Applying this law to the case of the petitioner, the court said that once the reserved category candidate who figured in open merit chose the discipline available in the reserved category, the leftover discipline in the Open Merit quota should have shifted to the pool of reserved category, after all the candidates selected in the Open Merit were admitted on the basis of their merit/preference, and therefore, the petitioner number 1 should have been allotted the leftover discipline of Open Merit quota.
The Court observed: " Admittedly, the BOPEE has not conducted such exercise. It committed an illegality in not pushing the Petitioner No. 1 up to be selected under the category of CDP/JKPM."
After having satisfied that the petitioner has made out a case, the court noted that 6 months have already passed in the current session hence it would not be in the fitness of things to grant admission to the petitioner but that doesn't render the court powerless to grant appropriate relief to the petitioner. The court relied on Apex Court Judgement A. Krishna Sradha v. State of A.P and ors. wherein the Apex Court had dealt with the issue pertaining to MBBS course.
The Court observed: "It is true that the aforesaid judgement was rendered in the context of MBBS Course but I see no reason not to extend the benefit of the said judgement to PG Courses as well..."
The court while admitting that at times the exercise of sifting the disciplines/colleges could be cumbersome in PG courses, but in the instant case petitioner No. 1 was left due to fault attributable to BOPEE only who failed to carry out mandate of Rule 17 in it's right perspective.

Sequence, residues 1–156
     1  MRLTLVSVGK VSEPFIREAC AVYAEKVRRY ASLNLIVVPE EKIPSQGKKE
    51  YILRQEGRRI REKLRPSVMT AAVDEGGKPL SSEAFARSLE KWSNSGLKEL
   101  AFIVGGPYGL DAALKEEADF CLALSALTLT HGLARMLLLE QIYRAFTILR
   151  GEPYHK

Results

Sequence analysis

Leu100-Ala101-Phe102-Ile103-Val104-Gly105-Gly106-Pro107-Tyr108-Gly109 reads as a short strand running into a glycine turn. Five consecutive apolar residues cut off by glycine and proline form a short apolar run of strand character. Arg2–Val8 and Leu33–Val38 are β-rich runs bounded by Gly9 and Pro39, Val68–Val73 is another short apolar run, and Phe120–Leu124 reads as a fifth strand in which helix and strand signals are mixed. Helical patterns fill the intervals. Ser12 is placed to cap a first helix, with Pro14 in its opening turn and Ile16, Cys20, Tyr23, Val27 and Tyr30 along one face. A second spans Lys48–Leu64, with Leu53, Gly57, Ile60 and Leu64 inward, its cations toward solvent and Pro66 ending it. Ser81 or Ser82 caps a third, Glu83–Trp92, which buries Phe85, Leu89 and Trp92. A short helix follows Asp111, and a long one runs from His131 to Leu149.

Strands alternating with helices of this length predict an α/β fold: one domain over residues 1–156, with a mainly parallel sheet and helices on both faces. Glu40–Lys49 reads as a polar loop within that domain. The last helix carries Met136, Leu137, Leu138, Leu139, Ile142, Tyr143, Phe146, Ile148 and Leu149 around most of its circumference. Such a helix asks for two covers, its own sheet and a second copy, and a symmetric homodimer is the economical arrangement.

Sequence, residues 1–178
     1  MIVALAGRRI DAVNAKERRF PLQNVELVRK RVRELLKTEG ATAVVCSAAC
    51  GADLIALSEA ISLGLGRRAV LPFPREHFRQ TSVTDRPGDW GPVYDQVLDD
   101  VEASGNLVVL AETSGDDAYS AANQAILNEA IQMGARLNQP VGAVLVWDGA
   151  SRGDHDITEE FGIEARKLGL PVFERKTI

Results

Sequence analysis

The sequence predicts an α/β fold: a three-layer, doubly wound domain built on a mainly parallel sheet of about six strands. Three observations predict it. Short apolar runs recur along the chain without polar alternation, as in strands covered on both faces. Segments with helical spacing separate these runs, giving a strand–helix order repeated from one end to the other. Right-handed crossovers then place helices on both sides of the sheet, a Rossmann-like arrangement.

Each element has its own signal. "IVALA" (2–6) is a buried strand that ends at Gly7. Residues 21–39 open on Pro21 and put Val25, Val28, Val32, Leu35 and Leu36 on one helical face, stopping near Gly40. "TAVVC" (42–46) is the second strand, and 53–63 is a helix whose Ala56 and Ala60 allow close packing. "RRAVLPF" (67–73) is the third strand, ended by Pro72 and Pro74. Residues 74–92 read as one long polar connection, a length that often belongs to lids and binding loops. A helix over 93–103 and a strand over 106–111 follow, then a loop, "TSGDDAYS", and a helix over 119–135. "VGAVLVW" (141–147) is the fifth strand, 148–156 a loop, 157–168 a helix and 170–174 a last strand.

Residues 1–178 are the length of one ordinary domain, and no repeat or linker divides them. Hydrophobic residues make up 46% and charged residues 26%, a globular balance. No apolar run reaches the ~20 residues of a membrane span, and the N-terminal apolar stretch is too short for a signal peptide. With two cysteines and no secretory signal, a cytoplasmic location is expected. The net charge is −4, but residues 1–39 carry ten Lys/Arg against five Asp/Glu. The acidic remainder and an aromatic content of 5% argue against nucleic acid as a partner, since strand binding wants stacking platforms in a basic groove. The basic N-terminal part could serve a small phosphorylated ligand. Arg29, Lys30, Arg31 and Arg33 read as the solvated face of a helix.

In light of the Apex Court Judgement the court ordered the following :
(i) That the petitioner No.1 is held entitled to admission in the MDS Course in the discipline that was last leftover after the Open Merit category candidates 20 in number were allotted the seats in various disciplines as per their merit and preference. It would be discipline which, in the instant selection, has been offered to the candidate figuring at serial No.21 of the Open Merit category.
(ii) That since the cutoff date for admission to the PG Courses is a long back over, it would, therefore, be not in the fitness of things to grant admission to the petitioner No.1 at this point of time. More so,when all the seats notified for admission stand filed up and there is no seat left vacant.
(iii) That, with a view to undo the wrong done to the petitioner No.1 and give effect to his right to admission, as upheld by this Court, respondents are directed to keep one seat of MDS in the next session in the discipline to which the petitioner No.1 was entitled to in the instant admissions but was not granted because of fault attributable exclusively to the respondent-BOPEE.
(iv) The respondent-BOPEE shall do well to set aforesaid discipline apart and not to make it part of selection or admission of MDS Course 2022.
(v) The petitioner is also held entitled to a compensation of Rs. Five Lakhs to be paid by the respondent-BOPEE to compensate the Petitioner No.1 for the loss of one year of his career.
Case Title : Bhat Ab. Urban Bin I Aftaf & Ors. V UT of Jammu and Kashmir and others
Citation: 2022 LiveLaw (JKL) 49